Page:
Robertson’s tool chest contains all the same tools that were found in the original. All the tools work, even the plane’s tote (handle) is set a scale 1/8″ to one side as the original. The saw has 160 teeth to the inch. Robinson says that the hardest tool to make was the folding rule with 5 leaf hinge. It is about .030″ thick and hand engraved on boxwood. Things like the shears and dividers also have nice little joints.

Also included in the tool chest are a Kent-style hatchet, claw hammer, a riviting hammer, marking gauge, five gimlets, a smooth plane, backsaw, saw wrest, divider, awl, round file, burnisher, inside/outside calipers, bevel gauge, try square, three turnscrews, four brad awls, an oilstone in its case, three tanged chisels, a mallet and a beak anvil. As stated all the tools are fully functional, with blades made of steel. Other parts are made from brass with handles made of pearwood, boxwood, African blackwood, Bolivian rosewood and maple.

The chest and tools took about 1,000 hours to complete.

Miniature Tool Chest 2

Miniature Tool Chest 3

Friday, February 19, 2010

A Man's Miniature World

A friend of mine, made a comment to me , "I'm beginning to get into this miniature stuff".
He had liked my presidential postings and the connection to miniatures. I have been searching for miniatures for "manly" roomboxes or settings so when I came across this diorama made by Wilco Machiels, I had to post them . I found these on Speedhunters. I have left the descriptions of the photos as I found them written on the Speedhunters website.

I AM IN AWE!!!! Read this:

Many model car enthusiasts, they start to build model cars and quickly realize that they have a long way to go before it looks like a real car. There's always the exception and that is Wilco... he started at the age of seven and has since then mastered the technique of building realistic model cars and dioramas like no other.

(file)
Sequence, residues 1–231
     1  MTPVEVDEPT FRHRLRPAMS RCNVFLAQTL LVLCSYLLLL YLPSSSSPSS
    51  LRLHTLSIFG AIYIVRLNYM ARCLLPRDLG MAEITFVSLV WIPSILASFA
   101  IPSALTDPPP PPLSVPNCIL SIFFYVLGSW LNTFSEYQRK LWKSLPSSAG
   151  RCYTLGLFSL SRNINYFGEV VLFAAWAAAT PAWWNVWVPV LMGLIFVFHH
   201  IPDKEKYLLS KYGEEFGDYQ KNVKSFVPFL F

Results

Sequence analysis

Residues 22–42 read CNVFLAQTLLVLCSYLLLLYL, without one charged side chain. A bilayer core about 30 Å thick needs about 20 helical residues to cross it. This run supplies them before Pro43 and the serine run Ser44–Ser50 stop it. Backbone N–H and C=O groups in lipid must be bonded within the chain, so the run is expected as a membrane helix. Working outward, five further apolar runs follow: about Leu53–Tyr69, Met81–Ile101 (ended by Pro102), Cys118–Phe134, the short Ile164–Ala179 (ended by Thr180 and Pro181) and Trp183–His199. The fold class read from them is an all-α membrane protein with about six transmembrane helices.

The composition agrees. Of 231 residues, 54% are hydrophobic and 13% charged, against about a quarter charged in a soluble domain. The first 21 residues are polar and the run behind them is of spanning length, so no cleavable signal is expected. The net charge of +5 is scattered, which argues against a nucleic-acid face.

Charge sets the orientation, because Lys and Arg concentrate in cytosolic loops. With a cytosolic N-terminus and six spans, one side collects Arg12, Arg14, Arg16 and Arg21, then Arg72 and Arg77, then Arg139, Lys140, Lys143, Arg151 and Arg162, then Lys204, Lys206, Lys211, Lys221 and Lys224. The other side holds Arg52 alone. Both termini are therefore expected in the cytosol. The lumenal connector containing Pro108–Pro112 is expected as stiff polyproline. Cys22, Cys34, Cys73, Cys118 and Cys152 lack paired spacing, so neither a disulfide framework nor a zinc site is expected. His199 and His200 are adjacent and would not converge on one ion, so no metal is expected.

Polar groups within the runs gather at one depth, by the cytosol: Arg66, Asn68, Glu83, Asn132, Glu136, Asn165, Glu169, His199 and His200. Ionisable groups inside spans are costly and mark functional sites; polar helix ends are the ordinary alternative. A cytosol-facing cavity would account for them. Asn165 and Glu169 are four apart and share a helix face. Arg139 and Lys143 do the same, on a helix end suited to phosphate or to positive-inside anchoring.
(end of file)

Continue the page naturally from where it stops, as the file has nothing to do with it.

All the models and diorama's have been build in 1:24 scale and are made to represent the garage's from the 1960's. Wilco says "I love the nostalgic garages of the 1960's - dirty, a little cluttered and rather disorganized and untidy - I like to recreate them just the way they were". He always starts out with a model and then builds the garage around it, he often takes parts from other kits to enhance the look and feel of the diorama's.

The following is from his website....

My name is Wilco Machiels from the Netherlands

This site shows my hobby and passion, making GARAGEDIORAMAS. ( click here to go to his website) Only in 1:24 scale because this is the best scale to work in, detailed and not to big in my opinion.
The dioramas are fully scratch build made from pieces of plastic, wood andmetal. Mostly shoebox size with real 12 volt electric lighting.

I prefer garages from the past with their nostalgic looks (50-80's). I use plastic model car kits with many parts because they are high in detail.

Al my models are plastic kits from Tamiya, Hasegawa, Fujimi, Gunze, Revell, Italerei, Monogram, MPC and Airfix

The detail on this VW bus is amazing. The rust and the battered paint shows that it had a hard life, I'm guessing that it just unloaded the crate engine.

This more customized Beetle with its deep dish wheels is getting some work done on the rear. It looks like there is some welding going on, maybe a leaking exhaust?. The shop owner must have thought better be safe than sorry so he has a fire extinguisher at the ready.

This beetle is undergoing some major overhauling. It is getting a new engine and it seems that the drum brakes are getting refreshed.

This bus is getting a fresh lick of paint and maybe some rust removed around the arches. It is already rolling on some new wheels. Al the diorama's that Wilco makes feature real lighting as you can see on the wall.

Here we have a lot of spare parts that are scavenged from other models to make this diorama complete. Did you notice the Continental sign just right of the door?

This looks more like a donor car but it makes for a great addition to this diorama.

A scratch build tire exchanger.... just so you now that Wilco is truly a king amongst modelers. I'm amazed at all the details and still find new things to marvel at.